Motorcycles can be fun to ride, but one sweet trip can instantly turn catastrophic if road hazards get in the way. While accidents will always be unpredictable, a motorcycle rider should always look out for potential road hazards that could jeopardize his safety and take necessary measures to avoid them.
Road hazards to watch out for
Dangers on the road are not exclusive to motorcycle riders, but what might seem like a minor hazard to regular car drivers could mean life or death for those on a big bike. Because a motorcycle does not give enough protection to its rider and is not equipped with adequate safety measures, accidents involving them often have fatal outcomes.
With that in mind, being aware of the different hazards on the road is one way of ensuring a safe and smooth ride.
Debris on the road
Debris such as tree branches, rocks, or a pile of leaves can be dangerous because they can either cause a crash or become airborne and strike the rider.
Regardless of whatever road debris a rider is faced with, identifying whether it is bulky or not is the first thing a rider should do. For objects that are not bulky, like plastic bags or small tree branches, most motorcycle types should be able to overcome them easily.
However, for bulkier debris like large rocks blocking the road, avoiding them is the only option. Be careful when steering away from them though, because in the process of doing so, you might also disrupt traffic and be a hazard yourself.
Hydroplaning is one of the biggest risks of wet roads. It is when water pressure in front of the tire pushes the water under it, resulting in the tire being separated from the surface of the road by a thin film of water.
This could lead to loss of steering, braking, or power control. However, hydroplaning becomes even more dangerous when there is oil residue on a wet road. Motorcycles are more at risk than cars and other four-wheeled vehicles because they have fewer tires that make them less stable.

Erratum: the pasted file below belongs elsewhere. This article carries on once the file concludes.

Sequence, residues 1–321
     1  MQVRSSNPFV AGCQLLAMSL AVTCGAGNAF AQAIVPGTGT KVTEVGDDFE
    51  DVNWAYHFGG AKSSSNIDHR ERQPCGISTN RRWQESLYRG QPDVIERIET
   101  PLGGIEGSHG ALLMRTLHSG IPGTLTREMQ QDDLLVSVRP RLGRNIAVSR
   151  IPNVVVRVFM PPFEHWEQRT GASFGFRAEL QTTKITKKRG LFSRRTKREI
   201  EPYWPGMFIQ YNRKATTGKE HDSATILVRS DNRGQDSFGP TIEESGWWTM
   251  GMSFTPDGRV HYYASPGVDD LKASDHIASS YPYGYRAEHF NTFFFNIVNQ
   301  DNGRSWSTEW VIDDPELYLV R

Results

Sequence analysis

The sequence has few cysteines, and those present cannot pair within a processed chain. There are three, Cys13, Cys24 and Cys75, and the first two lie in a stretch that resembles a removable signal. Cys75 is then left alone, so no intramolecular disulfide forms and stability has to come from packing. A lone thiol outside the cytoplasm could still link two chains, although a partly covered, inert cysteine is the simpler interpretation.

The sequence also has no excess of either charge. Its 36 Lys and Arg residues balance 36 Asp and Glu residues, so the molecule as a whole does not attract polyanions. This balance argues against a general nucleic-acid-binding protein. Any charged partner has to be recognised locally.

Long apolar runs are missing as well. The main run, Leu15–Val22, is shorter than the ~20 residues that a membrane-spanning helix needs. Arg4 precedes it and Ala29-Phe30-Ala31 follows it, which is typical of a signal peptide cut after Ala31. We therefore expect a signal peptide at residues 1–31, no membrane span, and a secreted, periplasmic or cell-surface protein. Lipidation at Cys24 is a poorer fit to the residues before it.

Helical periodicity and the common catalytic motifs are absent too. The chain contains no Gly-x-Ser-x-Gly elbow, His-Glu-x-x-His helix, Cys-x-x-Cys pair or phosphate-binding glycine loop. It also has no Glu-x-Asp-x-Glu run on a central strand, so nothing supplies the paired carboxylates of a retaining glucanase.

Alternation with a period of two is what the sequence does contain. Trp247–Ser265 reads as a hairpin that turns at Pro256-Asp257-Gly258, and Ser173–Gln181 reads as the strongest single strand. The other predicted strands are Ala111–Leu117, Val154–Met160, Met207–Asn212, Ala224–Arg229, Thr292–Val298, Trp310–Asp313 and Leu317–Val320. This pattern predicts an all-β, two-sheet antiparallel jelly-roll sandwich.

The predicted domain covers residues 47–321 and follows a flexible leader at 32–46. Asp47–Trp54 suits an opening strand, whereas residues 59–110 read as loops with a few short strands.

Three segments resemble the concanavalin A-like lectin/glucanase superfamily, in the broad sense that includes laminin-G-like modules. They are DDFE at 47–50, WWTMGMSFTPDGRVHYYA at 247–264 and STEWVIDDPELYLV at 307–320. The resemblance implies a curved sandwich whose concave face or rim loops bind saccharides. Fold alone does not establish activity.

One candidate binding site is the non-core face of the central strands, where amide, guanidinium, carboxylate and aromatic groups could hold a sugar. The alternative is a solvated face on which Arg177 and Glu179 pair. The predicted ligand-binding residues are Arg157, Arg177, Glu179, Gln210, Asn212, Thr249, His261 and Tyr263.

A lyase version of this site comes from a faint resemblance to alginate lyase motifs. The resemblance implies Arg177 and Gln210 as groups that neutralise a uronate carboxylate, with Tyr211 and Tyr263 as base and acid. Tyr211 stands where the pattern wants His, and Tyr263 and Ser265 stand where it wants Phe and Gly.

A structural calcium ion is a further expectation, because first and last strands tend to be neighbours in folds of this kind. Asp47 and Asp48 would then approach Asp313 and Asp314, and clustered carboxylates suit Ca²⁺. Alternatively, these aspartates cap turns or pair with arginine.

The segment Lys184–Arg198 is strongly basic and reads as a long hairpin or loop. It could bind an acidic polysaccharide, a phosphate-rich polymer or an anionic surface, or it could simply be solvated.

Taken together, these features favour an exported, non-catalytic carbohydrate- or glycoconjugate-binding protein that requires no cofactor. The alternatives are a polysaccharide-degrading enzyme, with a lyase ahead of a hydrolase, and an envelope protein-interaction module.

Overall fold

When riding on a wet surface, always brake with caution. Abruptly reducing speed can make a rider lose traction and control of the motorcycle.
Another road hazard that can make a rider lose traction is gravel. When a motorcycle loses control because of this, the vehicle is likely to slide out from under the rider. This risk is even more exacerbated on sharp turns where a rider has to shift his body weight to navigate around the curve.
To avoid this, a rider should minimize the lean of his motorcycle and refrain from braking, accelerating, or swerving too fast. The rider should also maintain a consistent speed when riding through gravel territory.
Expansion joints, typically found on bridges and overpasses, connect sections of a road and allow it to expand without cracking. However, these joints also create gaps in the road where motorcycle tires can get stuck.
Motorcycle accidents are also likely if the surface around the expansion joint is in bad condition or becomes slick due to the combination of wet surface and oil residue.
To prevent this from happening, a motorcycle rider should maintain consistent speed and keep the tires in a straight, perpendicular line until the motorcycle has gone over the joint.
An oil spill can also make a rider lose control of his motorcycle once the tires slip and slid over the oil. However, it is quite easy to spot and should be easily avoidable if the rider knows what an oil spill looks like on the road. A dark spot on the road that looks wet despite a sunny day? Chances are that is an oil spill. Rainbow on the road during a rainy day? Also likely an oil spill.
However, oil can be a lot trickier to navigate through than other road hazards because it is slippery, so keeping traction over it will be more challenging.